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CBN Intervention on Insecurity Hit ₦507bn in 8 years

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CBN - BVN, NIN, New accounts broad money

CEM REPORT, FINANCE | Insecurity ranging from terrorism, crude oil theft, kidnapping and other forms of insecurity have continued to plague Nigeria. With billions spent and several intervention, insecurity seem not to abate but rather gather momentum.

Recent data from the Central Bank of Nigeria (CBN) consolidated financial statements reveals that the nation spent ₦125.3 billion on security in 2022.

The cumulative expenditure within eight years – 2014 and 2022, stood at ₦507 billion in intervention by the CBN on national security, armed forces, and state security, among others.


“Intervention activities expenses represent expenses carried out by CBN in connection with national security, federal government, state securities, armed forces, and financial sector capacity building where there is an important need for the fund.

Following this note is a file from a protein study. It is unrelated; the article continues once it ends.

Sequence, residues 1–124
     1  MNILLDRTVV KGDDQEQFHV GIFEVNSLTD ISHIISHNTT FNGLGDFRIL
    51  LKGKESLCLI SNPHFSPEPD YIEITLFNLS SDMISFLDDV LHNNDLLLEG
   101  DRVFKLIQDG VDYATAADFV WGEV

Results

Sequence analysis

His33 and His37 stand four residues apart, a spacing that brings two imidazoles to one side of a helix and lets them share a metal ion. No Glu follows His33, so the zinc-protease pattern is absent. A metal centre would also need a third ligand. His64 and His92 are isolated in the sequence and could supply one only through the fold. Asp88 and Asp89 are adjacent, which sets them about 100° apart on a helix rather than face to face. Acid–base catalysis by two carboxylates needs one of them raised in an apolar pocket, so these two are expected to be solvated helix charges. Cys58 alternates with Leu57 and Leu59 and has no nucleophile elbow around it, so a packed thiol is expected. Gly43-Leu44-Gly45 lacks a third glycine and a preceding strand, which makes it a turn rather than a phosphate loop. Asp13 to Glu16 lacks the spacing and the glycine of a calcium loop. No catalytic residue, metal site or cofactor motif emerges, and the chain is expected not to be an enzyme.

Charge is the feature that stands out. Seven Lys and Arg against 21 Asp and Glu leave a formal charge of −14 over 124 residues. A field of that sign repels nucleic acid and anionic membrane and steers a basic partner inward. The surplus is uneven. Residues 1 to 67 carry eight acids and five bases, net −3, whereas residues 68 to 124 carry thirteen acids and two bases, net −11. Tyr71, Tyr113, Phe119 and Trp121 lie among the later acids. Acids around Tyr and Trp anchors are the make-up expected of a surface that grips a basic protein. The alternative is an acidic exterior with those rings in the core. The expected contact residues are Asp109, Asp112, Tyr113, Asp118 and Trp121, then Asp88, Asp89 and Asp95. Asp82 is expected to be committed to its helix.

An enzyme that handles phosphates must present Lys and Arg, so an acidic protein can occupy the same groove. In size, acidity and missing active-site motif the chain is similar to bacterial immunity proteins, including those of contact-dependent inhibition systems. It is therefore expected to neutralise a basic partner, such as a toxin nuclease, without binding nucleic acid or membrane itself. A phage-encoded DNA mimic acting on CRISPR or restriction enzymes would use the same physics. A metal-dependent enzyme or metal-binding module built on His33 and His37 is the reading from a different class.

“All payments made in relation to intervention activities embarked on by the Group are expensed as incurred. However, payments made by the Group in relation to intervention activities on behalf of the Federal Government are recognised as receivables and are fully impaired after 12 months if the amount is not received from the Federal Government.”

Several reports have said that Nigeria has one of the biggest security expenditures in Africa yet insecurity continues to dissuade investors into the nation’s economy.

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Further breakdown showed the CBN spent N45.4 billion in 2021; N28.6 billion in 2020; N21.4 billion in 2019; N44.9 billion in 2018; N19.3 billion in 2017 and N38.5 billion in 2016.

According to the Global Terrorism Index, Nigeria lost $40.6 billion worth of investments to insecurity in 2020.

A United Nations Development Programme report released in 2019 details that Nigeria had the highest security spending at $78.43 billion in 2017, followed by Morocco at $42.52 billion.

However, Morocco experienced lowered security threats within the period with less than 2,000 fatalities, while Nigeria had the highest in the African region with more than 180,000 fatalities.

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